Gagosian are showing an amazing exhibition of Howard Hodgkin’s final works entitled Last Paintings.
One of Britain’s most celebrated contemporary painters, Hodgkin composed powerful, expressive works that, while nominally abstract, bring representation, gesture, and affect into urgent relation. Last Paintings, presented at the Grosvenor Hill gallery in accordance with the late artist’s wishes, includes the final six paintings that he completed in India prior to his death in March 2017, five of which will be exhibited for the first time. The exhibition includes more than twenty other paintings never before exhibited in Europe.
In 1972 Hodgkin renounced working on canvas in favor of wooden panels and frames, some new and others sourced secondhand in India and Europe. The grain of the wood and the scars and scratches of the supports became integral to the paintings, affirming their physical presence and heft. Last Paintings attests to the immediacy of Hodgkin’s methods, as well as his intuitive understanding of the relationship between hand, eye, and memory.
In Hodgkin’s oeuvre, the legacy of British Romantics such as John Constable, J.M.W. Turner, and Samuel Palmer is palpable in his expressionistic colors, landscapes that bridge representation and abstraction, the sense of time’s passage, and with it the inherent transit of patterns both meteorological and emotional. The earliest work in the exhibition, And the Skies Are Not Cloudy All Day (2007–08) is nearly three meters in width, and painted on unprimed plywood. The title invokes the connection between nature and the human temperament, allowing their respective fluctuations to unfold gradually as though over the course of an entire day. On closer inspection, the grain of the plywood beneath its green paint emerges as a faint rhythmic pulse.
Toward the end of his life, Hodgkin applied fewer layers of paint to his panels, leaving more of the wooden support exposed, in visible dialogue with the paint. Now (2015–16) embodies an interchange between light and dark, time and feeling, where the natural streaks of the wood are left bare.
As Hodgkin’s urge to substantiate what is essentially transient became ever more pressing, his art became less about retrospection or the remembrance of images past. His final large-scale painting, Portrait of the Artist Listening to Music (2011–16), previously seen only in his solo exhibition Absent Friends at the National Portrait Gallery (London, 2017), exemplifies his focus on the intangibility of thoughts, feelings, and fleeting private moments. The layered greens and yellows of Don’t Tell a Soul (2016) seem to evoke an explicit recollection or excitation in rapid brushstrokes applied to the lower right corner of the support.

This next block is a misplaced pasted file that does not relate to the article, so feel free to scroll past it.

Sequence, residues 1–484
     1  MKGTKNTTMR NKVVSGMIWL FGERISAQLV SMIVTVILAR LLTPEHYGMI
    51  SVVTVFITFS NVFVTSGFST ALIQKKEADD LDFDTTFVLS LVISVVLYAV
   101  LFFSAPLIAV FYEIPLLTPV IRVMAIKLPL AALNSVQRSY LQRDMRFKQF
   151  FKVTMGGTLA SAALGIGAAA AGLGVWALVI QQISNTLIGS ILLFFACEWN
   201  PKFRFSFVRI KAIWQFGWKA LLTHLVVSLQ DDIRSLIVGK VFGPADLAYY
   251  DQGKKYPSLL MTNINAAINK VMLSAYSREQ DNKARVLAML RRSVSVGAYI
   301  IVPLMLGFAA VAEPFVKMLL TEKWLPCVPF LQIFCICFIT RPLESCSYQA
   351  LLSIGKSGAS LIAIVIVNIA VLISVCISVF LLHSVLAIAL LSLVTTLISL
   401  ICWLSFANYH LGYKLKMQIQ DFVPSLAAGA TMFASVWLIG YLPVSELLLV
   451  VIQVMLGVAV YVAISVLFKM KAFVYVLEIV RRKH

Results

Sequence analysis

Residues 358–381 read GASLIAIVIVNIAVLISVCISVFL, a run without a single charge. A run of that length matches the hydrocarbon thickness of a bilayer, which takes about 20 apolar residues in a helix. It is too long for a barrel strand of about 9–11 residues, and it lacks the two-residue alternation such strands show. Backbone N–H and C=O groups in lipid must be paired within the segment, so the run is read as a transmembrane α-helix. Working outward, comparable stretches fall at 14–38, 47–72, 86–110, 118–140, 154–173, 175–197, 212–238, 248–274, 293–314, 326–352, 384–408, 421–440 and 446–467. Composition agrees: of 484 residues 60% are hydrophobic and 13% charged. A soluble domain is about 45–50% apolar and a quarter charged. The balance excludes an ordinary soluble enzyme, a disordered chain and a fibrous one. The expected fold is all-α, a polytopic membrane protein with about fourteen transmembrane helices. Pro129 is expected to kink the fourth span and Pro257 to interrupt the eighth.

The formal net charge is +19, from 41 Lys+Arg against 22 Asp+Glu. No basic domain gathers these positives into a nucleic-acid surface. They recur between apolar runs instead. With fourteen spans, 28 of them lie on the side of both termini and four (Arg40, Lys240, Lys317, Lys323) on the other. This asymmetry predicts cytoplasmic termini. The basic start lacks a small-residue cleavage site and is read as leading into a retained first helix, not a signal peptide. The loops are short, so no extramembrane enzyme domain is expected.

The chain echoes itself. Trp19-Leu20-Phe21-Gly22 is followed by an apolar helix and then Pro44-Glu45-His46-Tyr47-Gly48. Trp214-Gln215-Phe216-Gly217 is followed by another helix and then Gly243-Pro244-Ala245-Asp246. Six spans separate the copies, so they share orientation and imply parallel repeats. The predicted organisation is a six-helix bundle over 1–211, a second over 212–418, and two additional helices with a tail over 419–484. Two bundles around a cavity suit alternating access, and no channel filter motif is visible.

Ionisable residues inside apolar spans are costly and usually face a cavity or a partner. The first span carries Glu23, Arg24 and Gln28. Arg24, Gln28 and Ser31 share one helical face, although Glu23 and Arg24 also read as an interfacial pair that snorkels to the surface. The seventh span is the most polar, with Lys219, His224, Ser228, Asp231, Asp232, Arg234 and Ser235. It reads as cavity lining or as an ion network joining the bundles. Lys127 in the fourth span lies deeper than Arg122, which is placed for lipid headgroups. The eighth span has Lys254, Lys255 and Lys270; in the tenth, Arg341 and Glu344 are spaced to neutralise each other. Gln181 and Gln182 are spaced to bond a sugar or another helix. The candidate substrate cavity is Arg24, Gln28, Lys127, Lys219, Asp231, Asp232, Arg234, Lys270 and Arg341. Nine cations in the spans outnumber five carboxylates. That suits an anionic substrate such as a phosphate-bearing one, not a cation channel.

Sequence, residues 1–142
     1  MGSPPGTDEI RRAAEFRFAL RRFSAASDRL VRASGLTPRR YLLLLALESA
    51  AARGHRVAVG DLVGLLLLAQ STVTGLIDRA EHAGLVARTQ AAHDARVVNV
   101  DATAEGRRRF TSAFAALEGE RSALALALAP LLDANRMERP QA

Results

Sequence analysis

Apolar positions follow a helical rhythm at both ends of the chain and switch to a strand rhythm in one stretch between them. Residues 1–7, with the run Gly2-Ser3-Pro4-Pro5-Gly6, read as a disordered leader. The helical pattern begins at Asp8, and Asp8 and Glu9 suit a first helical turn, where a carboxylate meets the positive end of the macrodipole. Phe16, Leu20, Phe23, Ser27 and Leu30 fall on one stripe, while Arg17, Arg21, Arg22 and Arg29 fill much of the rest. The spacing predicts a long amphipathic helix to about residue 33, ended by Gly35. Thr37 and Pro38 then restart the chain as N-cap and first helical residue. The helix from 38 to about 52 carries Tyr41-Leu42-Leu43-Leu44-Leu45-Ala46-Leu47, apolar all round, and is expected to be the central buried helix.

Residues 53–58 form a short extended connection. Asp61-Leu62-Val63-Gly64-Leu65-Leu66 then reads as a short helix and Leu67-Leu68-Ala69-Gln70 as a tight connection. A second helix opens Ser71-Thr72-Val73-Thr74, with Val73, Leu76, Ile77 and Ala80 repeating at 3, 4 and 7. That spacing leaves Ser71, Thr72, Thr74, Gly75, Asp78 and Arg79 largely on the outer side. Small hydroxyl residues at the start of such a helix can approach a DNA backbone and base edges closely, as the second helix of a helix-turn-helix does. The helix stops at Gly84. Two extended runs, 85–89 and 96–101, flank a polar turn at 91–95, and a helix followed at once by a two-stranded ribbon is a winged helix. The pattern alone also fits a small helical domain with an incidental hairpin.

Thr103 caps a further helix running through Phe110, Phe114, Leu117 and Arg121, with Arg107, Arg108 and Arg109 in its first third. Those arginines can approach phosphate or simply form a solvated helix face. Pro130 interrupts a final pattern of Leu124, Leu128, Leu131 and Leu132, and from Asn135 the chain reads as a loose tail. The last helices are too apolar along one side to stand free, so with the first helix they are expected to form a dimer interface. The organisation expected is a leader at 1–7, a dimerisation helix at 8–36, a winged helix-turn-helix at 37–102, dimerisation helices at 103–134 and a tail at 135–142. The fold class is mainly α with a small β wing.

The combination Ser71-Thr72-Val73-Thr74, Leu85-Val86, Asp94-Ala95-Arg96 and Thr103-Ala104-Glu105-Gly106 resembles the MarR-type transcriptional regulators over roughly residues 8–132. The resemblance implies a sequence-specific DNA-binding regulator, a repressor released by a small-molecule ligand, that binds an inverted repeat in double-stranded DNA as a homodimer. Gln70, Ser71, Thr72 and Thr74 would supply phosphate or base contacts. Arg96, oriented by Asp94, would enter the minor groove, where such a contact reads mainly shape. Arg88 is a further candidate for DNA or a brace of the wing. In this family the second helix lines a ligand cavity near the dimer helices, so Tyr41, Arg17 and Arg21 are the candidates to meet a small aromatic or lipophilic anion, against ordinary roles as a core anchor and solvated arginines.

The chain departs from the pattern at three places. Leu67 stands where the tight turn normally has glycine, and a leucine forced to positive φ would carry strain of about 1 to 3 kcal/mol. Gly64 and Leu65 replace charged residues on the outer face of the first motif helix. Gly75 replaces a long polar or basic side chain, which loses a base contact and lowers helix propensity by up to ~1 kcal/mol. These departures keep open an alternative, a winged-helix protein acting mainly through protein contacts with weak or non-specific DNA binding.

Hodgkin fully embraced the use of time as a compositional element. His paintings were often painted over months and years, the brushwork itself the final definitive step in long processes of reflection and deliberation. In images that deliquesce and resolve themselves before the viewer’s eyes, Hodgkin makes material the irresolute dynamics of time and emotion, and the glancing, immaterial qualities of daily experience.
Opening reception: Thursday, May 31, 6–8pm JUNE 1 – JULY 28, 2018 Gagosian 20 Grosvenor Hill London W1K 3QD
About The Artist
Howard Hodgkin was born in London in 1932, and died there in 2017. Collections include Tate, London; Arts Council Collection, London; British Museum, London; Government Picture Collection, London; Birmingham Museum and Art Gallery, England; Bristol City Art Gallery, England; Scottish National Gallery of Modern Art, Edinburgh; Metropolitan Museum of Art, New York; Museum of Modern Art, New York; National Gallery of Art, Washington, DC; Fogg Museum, Cambridge, MA; Modern Art Museum of Fort Worth, TX; Los Angeles County Museum of Art; Louisiana Museum, Humlebæk, Denmark; National Gallery of Australia, Canberra; National Gallery of Victoria, Australia; and Museu de Arte Contemporânea da Universidade de São Paulo, Brazil. Institutional exhibitions include Howard Hodgkin: Paintings 1975–1995, Metropolitan Museum of Art, New York (1995, traveled to Modern Art Museum of Fort Worth, TX; Kunstverein Düsseldorf; and Hayward Gallery, London); Irish Museum of Modern Art, Dublin (2006, traveled to Tate Britain, London, and Museo Nacional Centro de Arte Reina Sofía, Madrid); Paintings: 1992–2007, Yale Center for British Art, New Haven, CT (2007, traveled to Fitzwilliam Museum, Cambridge, England); Time and Place, 2001–2010, Modern Art Oxford, England (2010, traveled to De Pont Museum, Tilburg, Netherlands, and San Diego Museum of Art, CA, 2010–11); Made in Mumbai, Curator’s Gallery at Chhatrapati Shivaji Maharaj Vastu Sangrahalaya, Mumbai (2016); Absent Friends, National Portrait Gallery, London (2017); and Painting India, Hepworth Wakefield Gallery, England (2017).
Hodgkin was made CBE in 1977, knighted in 1992, and made a Companion of Honour in 2003. He was awarded the Turner Prize in London in 1985, the Shakespeare Prize in Hamburg in 1997, an honorary DLitt by the University of Oxford in 2000, and the first Swarovski Whitechapel Gallery Art Icon award in 2014.
Gagosian has represented Hodgkin since 1998 and has presented numerous exhibitions of his work in Europe, the United States, and Hong Kong.